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#AccessibleAcademia Nothing about us without us

Who: Gillespie-Lynch and colleagues

Where: Frontiers in Psychology

Published: 2017

Title: Whose Expertise Is It? Evidence for Autistic Adults as Critical Autism Experts

Autistic Adults as Critical Autism Experts

This study wanted to see how knowledgeable autistic people are about autism, and the level of stigma they hold towards autistic people. The conclusion was drawn that autistic people should be considered autistic experts as they have insights from their lived experiences and also build upon these by systematically researching autism.


Traditionally, professionals who observe autism have been considered the experts on autism, even though they often lack lived experience of being autistic themselves.

Common Assumptions about Autism

Non-autistic people tend to conceptualise autism as solely related to socio-communicative difficulties, but autistic adults recognise sensorimotor challenges, such as sensory sensitivities, as both core to autism and as impacting their socio-communicative abilities. Autistic adults also identified societal factors which contributed to challenges associated with autism.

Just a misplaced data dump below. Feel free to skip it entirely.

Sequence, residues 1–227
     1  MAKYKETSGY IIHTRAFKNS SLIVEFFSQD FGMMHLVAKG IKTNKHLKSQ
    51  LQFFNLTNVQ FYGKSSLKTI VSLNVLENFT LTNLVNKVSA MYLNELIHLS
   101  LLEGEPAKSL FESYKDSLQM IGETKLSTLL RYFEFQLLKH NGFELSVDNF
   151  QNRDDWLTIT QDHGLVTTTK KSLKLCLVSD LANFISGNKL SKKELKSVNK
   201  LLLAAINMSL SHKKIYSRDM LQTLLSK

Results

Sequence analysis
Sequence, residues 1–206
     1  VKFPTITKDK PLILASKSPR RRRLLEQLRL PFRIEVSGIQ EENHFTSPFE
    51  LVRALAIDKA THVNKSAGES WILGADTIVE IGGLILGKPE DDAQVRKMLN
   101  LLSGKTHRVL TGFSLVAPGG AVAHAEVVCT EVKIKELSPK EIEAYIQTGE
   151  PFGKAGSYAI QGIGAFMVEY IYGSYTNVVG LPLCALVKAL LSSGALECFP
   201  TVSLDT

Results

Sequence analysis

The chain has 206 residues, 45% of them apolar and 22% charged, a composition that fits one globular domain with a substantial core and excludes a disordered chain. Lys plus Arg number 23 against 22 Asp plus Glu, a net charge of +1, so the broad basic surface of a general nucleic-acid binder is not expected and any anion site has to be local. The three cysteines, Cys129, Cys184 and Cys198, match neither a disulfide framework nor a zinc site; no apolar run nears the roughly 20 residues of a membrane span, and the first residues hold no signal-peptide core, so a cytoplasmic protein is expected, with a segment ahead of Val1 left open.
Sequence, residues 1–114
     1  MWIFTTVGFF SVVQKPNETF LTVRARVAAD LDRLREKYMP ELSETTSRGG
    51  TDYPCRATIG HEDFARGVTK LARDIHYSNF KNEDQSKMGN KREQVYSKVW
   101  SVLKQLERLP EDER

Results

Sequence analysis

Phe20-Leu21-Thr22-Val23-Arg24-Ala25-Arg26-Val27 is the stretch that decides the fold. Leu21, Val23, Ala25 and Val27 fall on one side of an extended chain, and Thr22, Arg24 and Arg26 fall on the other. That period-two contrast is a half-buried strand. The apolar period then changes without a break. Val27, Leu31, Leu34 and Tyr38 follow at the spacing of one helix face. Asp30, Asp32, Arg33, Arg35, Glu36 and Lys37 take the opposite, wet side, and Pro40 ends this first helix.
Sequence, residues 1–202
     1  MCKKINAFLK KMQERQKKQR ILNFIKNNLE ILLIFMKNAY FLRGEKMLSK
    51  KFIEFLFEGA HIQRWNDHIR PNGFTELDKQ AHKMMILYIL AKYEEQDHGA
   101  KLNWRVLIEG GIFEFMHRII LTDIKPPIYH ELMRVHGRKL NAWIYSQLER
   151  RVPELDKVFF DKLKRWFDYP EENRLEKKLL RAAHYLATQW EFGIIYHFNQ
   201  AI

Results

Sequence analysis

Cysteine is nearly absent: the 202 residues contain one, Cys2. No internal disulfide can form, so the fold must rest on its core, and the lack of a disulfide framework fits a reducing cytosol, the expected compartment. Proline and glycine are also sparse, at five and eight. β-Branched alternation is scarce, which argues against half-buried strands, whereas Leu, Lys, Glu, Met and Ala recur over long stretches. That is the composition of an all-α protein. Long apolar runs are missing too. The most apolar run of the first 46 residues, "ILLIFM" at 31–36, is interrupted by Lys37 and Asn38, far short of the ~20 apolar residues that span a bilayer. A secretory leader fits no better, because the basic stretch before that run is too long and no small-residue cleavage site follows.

Behaviours associated with autism elicit stigma from non-autistic people, but this is reduced when the non-autistic people are aware that the other is autistic.
Autistic people with fewer visible characteristics of autism report more stigma, perhaps because they are interpreted as intentionally deviant rather than autistic. This stigma is perpetuated through the media, which pushes an autism-violence link, despite research finding that autistic people are less likely to commit any crime compared to non-autistic people.
Non-autistic people who had a high quality relationship with an autistic people were more likely to accept an autistic peer.


Knowledge of Autism

Autistic people had expert knowledge of autism, not just from their own lived experiences, but also through extensive research of autism and the diagnostic processes. Most autistic adults had strong opinions about the revision of the diagnostic criteria in the DSM-V, for example. They also tended not to see autism through a deficit-defined medical model, where non-autistic people did, instead seeing autism through a biopsychosocial model consistent with the neurodiversity movement.

Many autistic adults expressed that they had an excess of empathy which they struggled to express, and an explicit theory of mind

However, autistic adults felt they were still overlooked in favour of academics.

“Everyone is an expert bar the person with a diagnosis.”

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